People often have the dream of investing in real estate but don’t know where or how to start. Real estate is appealing because it’s a tangible object unlike stocks, bonds, options or whatever other asset you choose to invest in. Like those other assets real estate requires management and management can really make or break an investor. However, even more important is the investment and the numbers. It is absolutely crucial to make the numbers work. Nothing is worse than finding out after a purchase that you have more bills than money. Investing requires research, evaluation, and a goal. Is your goal to make 15% on your investment when you sell or to generate a certain level of cash flow on a monthly basis? These are important questions that need to be determined before considering investment.
This page will be dedicated to educating possible real estate investors. We’ll talk about some mistakes I made, expenses I forgot, and hopefully guide you, the investor to a successful first purchase. It’s important to learn from the mistakes of others to avoid making the same (costly) mistakes.
First Investment Property – How to Start Investing in Real Estate – Like investing in any other medium the main constraint is capital. It’s hard to buy anything if you don’t have any money. However it doesn’t take a lot of money to get started. The best place to start is a personal residence. Any multi unit property with four or less units is still considered a residential property. This means that, if you can stand it, your home can be an investment property. It is possible that a smart and well advised first time investor could live nearly free or for very little out of pocket money on a monthly basis (rental income = more than payment).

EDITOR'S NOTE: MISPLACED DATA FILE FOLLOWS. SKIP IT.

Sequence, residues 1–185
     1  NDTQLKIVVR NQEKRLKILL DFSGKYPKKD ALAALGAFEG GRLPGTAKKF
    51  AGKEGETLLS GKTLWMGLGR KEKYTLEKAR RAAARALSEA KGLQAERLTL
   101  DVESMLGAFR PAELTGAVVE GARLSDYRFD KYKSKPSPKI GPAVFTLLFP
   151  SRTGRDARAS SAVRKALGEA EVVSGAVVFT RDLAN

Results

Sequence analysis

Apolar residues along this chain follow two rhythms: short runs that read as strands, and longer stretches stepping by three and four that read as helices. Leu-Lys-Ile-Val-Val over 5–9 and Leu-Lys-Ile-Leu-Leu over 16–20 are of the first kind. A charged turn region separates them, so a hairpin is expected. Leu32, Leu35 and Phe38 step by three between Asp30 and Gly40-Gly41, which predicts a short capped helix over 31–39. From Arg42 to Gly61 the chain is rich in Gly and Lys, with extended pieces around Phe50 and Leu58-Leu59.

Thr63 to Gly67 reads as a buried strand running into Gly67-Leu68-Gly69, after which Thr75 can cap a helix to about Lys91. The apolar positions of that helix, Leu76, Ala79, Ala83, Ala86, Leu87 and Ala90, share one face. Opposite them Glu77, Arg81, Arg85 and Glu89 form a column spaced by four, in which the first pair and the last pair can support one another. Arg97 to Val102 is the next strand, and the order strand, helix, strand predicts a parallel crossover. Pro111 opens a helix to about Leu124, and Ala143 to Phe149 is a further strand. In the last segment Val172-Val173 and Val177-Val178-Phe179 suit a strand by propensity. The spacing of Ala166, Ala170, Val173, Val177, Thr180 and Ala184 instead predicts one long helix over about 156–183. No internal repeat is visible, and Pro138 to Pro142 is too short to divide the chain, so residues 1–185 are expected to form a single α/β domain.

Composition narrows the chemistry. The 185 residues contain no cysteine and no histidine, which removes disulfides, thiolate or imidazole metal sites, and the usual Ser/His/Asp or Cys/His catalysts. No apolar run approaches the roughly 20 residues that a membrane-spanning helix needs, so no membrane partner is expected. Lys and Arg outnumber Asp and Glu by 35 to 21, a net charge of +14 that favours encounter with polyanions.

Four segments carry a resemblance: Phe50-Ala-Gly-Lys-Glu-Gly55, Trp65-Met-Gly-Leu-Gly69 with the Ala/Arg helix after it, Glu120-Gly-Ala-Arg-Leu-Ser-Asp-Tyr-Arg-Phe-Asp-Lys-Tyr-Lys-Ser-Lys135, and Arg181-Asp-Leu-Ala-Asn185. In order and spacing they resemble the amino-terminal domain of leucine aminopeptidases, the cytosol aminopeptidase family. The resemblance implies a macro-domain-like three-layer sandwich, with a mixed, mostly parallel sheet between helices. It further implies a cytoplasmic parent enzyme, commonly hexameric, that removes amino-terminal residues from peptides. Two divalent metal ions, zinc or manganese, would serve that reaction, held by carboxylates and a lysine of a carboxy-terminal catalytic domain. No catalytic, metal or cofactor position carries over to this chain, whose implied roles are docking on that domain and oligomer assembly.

How? You might be thinking…
There are loans available that require as little as a 3.5% down payment. Compare this to a typical investment property loan that would likely require 20-30% down. This is why I suggest starting with a personal residence. Right off the bat you save 16.5% in cash. When investing the goal is to have the least amount of cash tied up in the property as possible. So you purchase the property and are able to save money for a few years which will set you up for a future purchase of a second property. One mistake I made was that I neglected to plan for property maintenance which has come back to bite me a few times. I suggest getting the first property into tip top condition before moving on to another property. I say this for a few reasons. A nice property will be easy to rent and stay rented. Small yearly increases in rent can be washed away very quickly by vacant apartments. It will also create a more predictable financial outlook, which if nothing else, minimizes the stress associated with other people paying your bills.